T-S My Word on PG&E’s WaveConnect

Here. And below. (Remember, Humboldt Surfrider has two folks participating in the PG&E stakeholder group: the very competent Bill Lydgate and similarly smart Scott Willits!)

Why the harbor district, fishermen and labor want it in writing

Pat Higgins and Ronnie Pellegrini/For the Times-Standard

Posted: 02/24/2010 05:39:31 AM PST

The Humboldt Bay Harbor, Recreation and Conservation District took emergency action at its Feb. 11 meeting to form a Wave Energy Oversight Committee to assist fishermen and labor. Our objective is to get assurances in writing from Pacific Gas and Electric (PG&E) regarding the specifics of wave energy development off our coast. While your recent article “Conflict over PG&E wave energy grows” (2/14/10) accurately portrayed our intended action, we would like to make it very clear why we think getting written assurance from PG&E is necessary to broaden community support.

We all recognize the need for clean energy development and we all want job creation, but the PG&E project will take up some of the most productive crab grounds in California and could conceivably bring no local longshoreman or stevedore jobs. Local crab fishermen need to have the wave energy project footprint and duration clearly defined. The crab fishery is one of the last healthy fisheries on the North Coast and the lost opportunity for use of crab grounds within the PG&E project is likely in the tens of thousands of dollars per acre per year. PG&E made a last-minute change from a five-year to a 10-year period of operation in their pending permit without consulting fishermen, and there is the prospect that the Federal Energy Regulatory Commission (FERC) that has jurisdiction could allow operation for many decades.

PG&E has said it plans to ultimately build a larger project fartheroffshore in federal waters, where the wave energy is better. But leases in federal waters are controlled by the Minerals Management Service (MMS), which wants big bucks for them. FERC, on the other hand, controls permits in state waters out to 3 miles and does not charge for its permits. Will PG&E do the math and opt to remain in the rent free zone?

The numerous PG&E stakeholder and community meetings have not seriously discussed the framework of FERC jurisdiction and its accountability to local interests. This is the same agency that continues to relicense Klamath and Eel River dams, while acknowledging they are killing the salmon. A normal FERC permit process takes five years and the permit lasts 50 years. PG&E’s pilot project permit is streamlined to one year and FERC says it is waiving its normal guidelines. The problem is no one knows what that means, least of all FERC. PG&E is asking for a five- or 10-year permit, but FERC is notorious for issuing year to year power project license extensions almost indefinitely.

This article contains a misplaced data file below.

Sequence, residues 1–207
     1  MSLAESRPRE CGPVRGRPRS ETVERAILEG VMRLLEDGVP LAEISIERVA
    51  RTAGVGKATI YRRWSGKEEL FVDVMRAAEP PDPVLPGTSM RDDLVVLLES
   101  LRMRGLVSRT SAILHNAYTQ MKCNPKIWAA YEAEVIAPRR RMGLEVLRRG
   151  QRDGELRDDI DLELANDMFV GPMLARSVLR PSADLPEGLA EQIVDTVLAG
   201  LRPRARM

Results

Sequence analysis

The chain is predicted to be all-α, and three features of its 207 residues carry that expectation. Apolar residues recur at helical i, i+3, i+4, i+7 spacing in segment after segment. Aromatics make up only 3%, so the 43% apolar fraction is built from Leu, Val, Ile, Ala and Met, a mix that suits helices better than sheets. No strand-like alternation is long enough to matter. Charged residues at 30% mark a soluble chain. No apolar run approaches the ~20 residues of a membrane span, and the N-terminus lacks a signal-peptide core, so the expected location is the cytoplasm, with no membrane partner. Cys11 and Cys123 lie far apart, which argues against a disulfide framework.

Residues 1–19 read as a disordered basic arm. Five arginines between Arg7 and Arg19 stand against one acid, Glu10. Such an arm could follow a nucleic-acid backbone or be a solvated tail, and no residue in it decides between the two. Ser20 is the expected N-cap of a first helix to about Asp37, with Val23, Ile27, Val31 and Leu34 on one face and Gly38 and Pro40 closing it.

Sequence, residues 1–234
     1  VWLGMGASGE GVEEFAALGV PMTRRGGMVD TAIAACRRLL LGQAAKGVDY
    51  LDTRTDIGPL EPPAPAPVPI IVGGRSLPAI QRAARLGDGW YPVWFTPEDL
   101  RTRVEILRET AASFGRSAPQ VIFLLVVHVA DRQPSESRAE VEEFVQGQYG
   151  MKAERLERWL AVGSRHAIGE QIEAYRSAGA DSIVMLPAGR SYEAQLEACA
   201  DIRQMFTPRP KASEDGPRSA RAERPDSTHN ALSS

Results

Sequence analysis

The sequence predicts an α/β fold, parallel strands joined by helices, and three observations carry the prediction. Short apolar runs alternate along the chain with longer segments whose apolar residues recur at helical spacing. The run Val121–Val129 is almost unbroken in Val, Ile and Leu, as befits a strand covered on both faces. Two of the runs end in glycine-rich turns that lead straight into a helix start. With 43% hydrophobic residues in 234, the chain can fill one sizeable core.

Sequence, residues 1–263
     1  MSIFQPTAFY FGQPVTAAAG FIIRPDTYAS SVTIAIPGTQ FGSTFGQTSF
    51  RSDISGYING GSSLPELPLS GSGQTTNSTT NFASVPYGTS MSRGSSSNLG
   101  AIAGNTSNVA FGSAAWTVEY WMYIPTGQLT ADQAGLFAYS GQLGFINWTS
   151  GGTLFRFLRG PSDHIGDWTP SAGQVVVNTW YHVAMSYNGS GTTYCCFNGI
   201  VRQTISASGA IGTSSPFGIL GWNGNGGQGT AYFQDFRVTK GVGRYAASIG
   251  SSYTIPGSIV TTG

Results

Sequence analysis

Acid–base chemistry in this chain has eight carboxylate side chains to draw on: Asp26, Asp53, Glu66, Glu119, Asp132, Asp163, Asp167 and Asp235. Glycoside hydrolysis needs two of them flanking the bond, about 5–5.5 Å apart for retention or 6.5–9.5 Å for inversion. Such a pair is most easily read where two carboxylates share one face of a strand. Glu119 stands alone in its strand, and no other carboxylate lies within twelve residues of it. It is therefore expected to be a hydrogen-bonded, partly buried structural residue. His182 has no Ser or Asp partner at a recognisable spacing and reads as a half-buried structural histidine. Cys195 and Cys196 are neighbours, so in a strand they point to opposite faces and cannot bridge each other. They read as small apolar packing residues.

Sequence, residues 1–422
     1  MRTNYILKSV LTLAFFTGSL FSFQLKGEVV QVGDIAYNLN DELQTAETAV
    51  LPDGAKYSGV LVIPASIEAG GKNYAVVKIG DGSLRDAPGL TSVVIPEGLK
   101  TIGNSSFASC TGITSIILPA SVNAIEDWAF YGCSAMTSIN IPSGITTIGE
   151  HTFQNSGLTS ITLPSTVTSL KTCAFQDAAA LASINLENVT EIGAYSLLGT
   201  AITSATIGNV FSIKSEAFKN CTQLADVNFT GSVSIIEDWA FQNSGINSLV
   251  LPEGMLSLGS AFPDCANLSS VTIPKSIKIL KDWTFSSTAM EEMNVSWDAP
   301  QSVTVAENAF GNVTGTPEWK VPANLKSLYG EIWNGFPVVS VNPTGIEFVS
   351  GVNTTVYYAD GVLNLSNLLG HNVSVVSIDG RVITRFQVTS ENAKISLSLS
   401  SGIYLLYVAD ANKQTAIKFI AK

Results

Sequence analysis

The Harbor District has port authority, so we naturally want to keep a vital labor force. While there used to be 180 men unloading ships, there are now only 18. Therefore, we must try to get a guarantee that at least some longshoremen and stevedores’ jobs will be created. PG&E is using millions of state and likely federal dollars, which makes some guarantees to local labor appropriate. Local longshoremen have already seen PG&E pass the buck for outside hiring, and neither they nor local fishermen want to see that happen again.

The PG&E spokesperson in last Sunday’s article said that “the utility can’t make explicit commitments.” In fact, there are standard business agreements for commercial ventures that infringe on fishing grounds, such as undersea telecommunications cable agreements. These have been applied in other areas of the California coast and could easily be amended to stipulate local port job guarantees. The buck must stop with PG&E.

PG&E’s claim of being “transparent” also rings hollow, since some of the hard questions fishermen submitted on cards at the PG&E public meeting weren’t even answered. When meeting facilitators allow only the easy questions to be addressed, they create the appearance of consensus while masking real problems. As a community, we should be wary of forums that use such tactics and we shouldn’t stand for it in publicly funded ones.

”We ask those individuals and groups to take our word for it,” said the PG&E spokesperson, which is ironic given their last-minute, unannounced change in the requested duration of their permit. Sorry, but our community is not about to bet the future of the crab fishery on the “word” of a billion dollar corporation. We think instead that movie mogul Samuel Goldwyn had it right: “A verbal agreement is not worth the paper it is written on.”

Pat Higgins and Ronnie Pellegrini serve on the Humboldt Bay Harbor, Recreation and Conservation District board.


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